Menstruation Holds Back Millions of Poor Women. Does This Outfit Have a Solution?

If it's true that you can't talk about global development without discussing gender equality, it's also true that you can’t dive deep into gender in poor countries without talking about menstruation. However, the international conversation on this topic tends to be in hushed tones. Sometimes, even the most pragmatic global health and development experts get uncomfortable when the subject comes up.

On the other hand, we've been impressed by some funders, like Michele Sullivan of the Caterpillar Foundation, who don't shy away from talking about how the challenges around menstruation can hold women back. Sullivan mentioned this issue in an interview with IP last year in regard to WASH issues, noting that menstruation can be especially difficult for girls to manage without easy access to bathrooms, and this can stop young girls from engaging in school and society just when they need to step up.

The Gates Foundation and other major development funders like Ford have also occasionally addressed this issue. Just a few months ago, the director of policy and advocacy at Gates, Lisa Schechtman, wrote about menstruation on the foundation's blog, pointing out that on any given day, "more than 800 million women and girls between the ages of 15 and 49 are menstruating worldwide," and for many, this regular event creates serious problems. Yet, said Schechtman, discussion of menstruation hygiene management "rarely appears in donor strategies, national government policies or advocacy agendas."

Schechtman argued: "It’s time to bring difficult issues like menstruation out of the shadows... Menstrual hygiene is a harbinger of gender equality."

In wealthy countries, monthly periods are more of a tiresome nuisance and any period-related health issues are generally cleared up by a doctor’s visit. In poor countries, it’s an entirely different story. 

  • A 2012 study by WaterAid indicated that 48 percent of girls in Iran and 10 percent of girls in India believed that menstruation was a disease.
  • A UN Children’s Fund study indicated that one in 10 African girls skip school because they have their periods.
  • Approximately 70 percent of all reproductive diseases in India are a result of poor menstrual hygiene.

Monthly menstruation is also cited as the No. 1 reason why girls in developing countries miss a significant number of school days per year, or drop out altogether.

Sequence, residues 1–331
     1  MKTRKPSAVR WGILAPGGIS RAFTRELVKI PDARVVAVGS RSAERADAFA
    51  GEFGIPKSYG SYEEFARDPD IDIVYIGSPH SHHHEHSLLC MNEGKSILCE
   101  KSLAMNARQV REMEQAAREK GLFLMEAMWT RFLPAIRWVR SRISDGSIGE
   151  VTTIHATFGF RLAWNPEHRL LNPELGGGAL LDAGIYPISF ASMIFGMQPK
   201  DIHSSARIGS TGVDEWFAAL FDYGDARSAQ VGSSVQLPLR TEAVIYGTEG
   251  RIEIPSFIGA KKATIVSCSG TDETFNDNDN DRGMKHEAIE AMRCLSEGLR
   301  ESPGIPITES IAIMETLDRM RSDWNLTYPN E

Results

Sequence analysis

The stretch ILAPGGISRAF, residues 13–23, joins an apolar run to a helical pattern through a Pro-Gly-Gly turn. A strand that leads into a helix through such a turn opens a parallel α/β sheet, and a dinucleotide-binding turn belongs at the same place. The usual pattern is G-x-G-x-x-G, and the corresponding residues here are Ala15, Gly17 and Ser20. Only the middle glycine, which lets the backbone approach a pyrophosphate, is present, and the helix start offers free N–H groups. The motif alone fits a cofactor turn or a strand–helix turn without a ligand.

Those statistics just scratch the surface. Schechtman writes that the taboo and misinformation around menstruation can have a "powerful ripple effect, leading women and girls to be subjected to stigma, discrimination, violence, or even have food, water, shelter and other shared goods be withheld from them."

Improved sanitation systems are a key solution here, and this issue now gets good play in the WASH community. But there's another, more simple solution to menstruation challenges—better access to sanitary pads.

Many girls and women in poor countries do not have access to basic menstrual products like tampons and pads. Sometimes, this is because they're unavailable, but more commonly it’s because they are too expensive. (This can be a problem in the U.S., too, I should mention.) Thankfully, there are are a number of nonprofits and businesses working to address this problem. Among them is ZanaAfrica, which sees opportunity in the niche of menstrual hygiene management.

The group is a Nairobi-based social enterprise that produces affordable sanitary pads. It was founded by Megan White Mukuria, a Harvard graduate. After securing a hefty $1 million investment from Grand Challenges Canada, it raised matching funds privately from TripAdvisor and the Stewardship Foundation. The investment allowed the company to transition from pilot to proof-of-concept, leading to a Phase II Grand Challenges Exploration grant, which is cofunded by Grand Challenges Canada and the Gates Foundation.

ZanaAfrica will use the investment to scale up production of its sanitary pads as well as provide free menstrual hygiene management education in Africa, beginning in Kenya. The company has also developed a tiered distribution model that leverages partnerships with social enterprises, health workers, stores and roadside kiosks to ensure that women and girls have easy access to its products.

The Gates Foundation’s Grand Challenges Explorations focuses on innovations in global health research. Challenge winners receive initial funding of $100,000 over 18 months. Should the project show a good deal of promise, Gates ups the ante to $1 million or more.